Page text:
The following is a simple method of preparing skeleton leaves, and is decidedly preferable to the old and tedious method of maceration, as it is quite as efficient and not at all offensive. First dissolve four ounces of common washing soda in a quart of boiling water, then add two ounces of slaked quicklime and boil for about fifteen minutes. Allow the solution to cool: afterwards pour off all the clear liquor into a clean saucepan. When this liquor is at its boiling beat place the leaves carefully in the pan, and boil the whole together for an hour, adding from time to time enough water to make up for the loss by evaporation. The epidermis and parenchyma of some leaves will more readily separate than others. A good test is to try the leaves after they have been gently boiling for an hour, and if the cellular matter does not easily rub off betwixt the finger and thumb beneath cold water, boil them again for a short time. When the fleshy matter is found to be sufficiently softened, rub them separately but very gently beneath cold water until the perfect skeleton is exposed.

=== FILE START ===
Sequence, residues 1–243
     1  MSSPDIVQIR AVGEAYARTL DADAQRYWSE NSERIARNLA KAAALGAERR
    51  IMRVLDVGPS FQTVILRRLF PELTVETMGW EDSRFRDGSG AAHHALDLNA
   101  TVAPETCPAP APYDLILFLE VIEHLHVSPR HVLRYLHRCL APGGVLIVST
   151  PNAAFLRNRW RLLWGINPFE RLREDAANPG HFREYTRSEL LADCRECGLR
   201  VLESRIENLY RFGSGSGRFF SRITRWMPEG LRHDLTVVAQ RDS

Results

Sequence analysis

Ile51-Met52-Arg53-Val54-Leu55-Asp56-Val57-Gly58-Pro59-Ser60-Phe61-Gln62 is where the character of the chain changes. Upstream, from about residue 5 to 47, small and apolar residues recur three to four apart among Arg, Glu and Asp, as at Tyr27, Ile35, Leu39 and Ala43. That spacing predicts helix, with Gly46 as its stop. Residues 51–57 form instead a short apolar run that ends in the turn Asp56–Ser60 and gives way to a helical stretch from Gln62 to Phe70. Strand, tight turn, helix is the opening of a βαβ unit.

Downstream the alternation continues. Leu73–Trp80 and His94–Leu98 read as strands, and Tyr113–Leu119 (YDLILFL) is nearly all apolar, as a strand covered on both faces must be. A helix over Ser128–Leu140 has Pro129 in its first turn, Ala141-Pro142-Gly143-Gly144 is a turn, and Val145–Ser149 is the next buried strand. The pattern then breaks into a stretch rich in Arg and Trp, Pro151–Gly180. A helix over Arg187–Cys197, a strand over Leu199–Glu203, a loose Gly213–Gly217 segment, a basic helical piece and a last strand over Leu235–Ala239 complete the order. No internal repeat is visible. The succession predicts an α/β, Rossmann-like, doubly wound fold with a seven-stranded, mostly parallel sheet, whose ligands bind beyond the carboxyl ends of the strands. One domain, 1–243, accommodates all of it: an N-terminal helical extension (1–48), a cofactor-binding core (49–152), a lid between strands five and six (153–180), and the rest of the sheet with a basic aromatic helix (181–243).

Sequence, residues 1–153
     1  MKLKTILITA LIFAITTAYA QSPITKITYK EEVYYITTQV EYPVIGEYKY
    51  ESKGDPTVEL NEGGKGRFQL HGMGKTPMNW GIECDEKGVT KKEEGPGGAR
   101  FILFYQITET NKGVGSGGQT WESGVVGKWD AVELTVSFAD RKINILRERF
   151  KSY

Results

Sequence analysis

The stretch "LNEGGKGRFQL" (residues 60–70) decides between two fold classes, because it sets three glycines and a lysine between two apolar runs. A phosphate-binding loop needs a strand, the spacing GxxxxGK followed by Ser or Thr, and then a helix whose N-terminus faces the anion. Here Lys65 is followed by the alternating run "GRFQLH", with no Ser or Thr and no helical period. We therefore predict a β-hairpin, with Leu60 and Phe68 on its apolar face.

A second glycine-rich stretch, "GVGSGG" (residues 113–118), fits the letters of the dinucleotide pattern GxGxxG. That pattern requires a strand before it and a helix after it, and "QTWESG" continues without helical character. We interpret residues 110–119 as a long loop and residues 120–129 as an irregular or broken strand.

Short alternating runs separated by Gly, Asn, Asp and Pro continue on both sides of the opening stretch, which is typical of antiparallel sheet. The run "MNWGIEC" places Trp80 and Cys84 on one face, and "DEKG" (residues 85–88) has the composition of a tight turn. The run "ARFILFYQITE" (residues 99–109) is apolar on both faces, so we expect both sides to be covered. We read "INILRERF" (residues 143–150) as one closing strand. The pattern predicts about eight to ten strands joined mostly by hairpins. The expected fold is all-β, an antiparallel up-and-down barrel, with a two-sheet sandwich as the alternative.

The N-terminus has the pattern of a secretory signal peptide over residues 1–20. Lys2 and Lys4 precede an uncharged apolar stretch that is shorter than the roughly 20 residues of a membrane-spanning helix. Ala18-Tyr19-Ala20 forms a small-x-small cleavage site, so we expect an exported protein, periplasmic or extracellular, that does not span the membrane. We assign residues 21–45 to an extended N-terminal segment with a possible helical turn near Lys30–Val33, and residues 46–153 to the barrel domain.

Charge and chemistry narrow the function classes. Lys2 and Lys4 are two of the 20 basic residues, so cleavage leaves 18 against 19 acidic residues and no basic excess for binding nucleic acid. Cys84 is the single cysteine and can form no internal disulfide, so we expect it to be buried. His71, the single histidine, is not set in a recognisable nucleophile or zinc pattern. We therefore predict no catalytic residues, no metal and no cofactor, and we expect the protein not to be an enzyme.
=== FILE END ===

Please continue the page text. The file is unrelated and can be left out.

The skeletons, at first, are of a dirty white color; to make them of a pure white, and therefore more beautiful, all that is necessary is to bleach them in a weak solution of chloride of lime - a large teaspoonful of chloride of lime to a quart of water; if a few drops of vinegar are added to the solution it is all the better, for then the free chlorine is liberated. Do not allow them to remain too long in the bleaching liquor, or they will become too brittle, and cannot afterwards be handled without injury. About fifteen minutes will be sufficient to make them white and clean looking. Dry the specimens in white blotting paper, beneath a gentle pressure. Simple leaves are the best for young beginners to experiment on; the vine, poplar, beach and ivy leaves make excellent skeletons. Care must be exercised in the selection of leaves, as well as the period of the year and the state of the atmosphere when the specimens are collected; otherwise, failure will be the result. The best months to gather the specimens are July and August. Never collect specimens in damp weather, and none but perfectly matured leaves ought to be selected.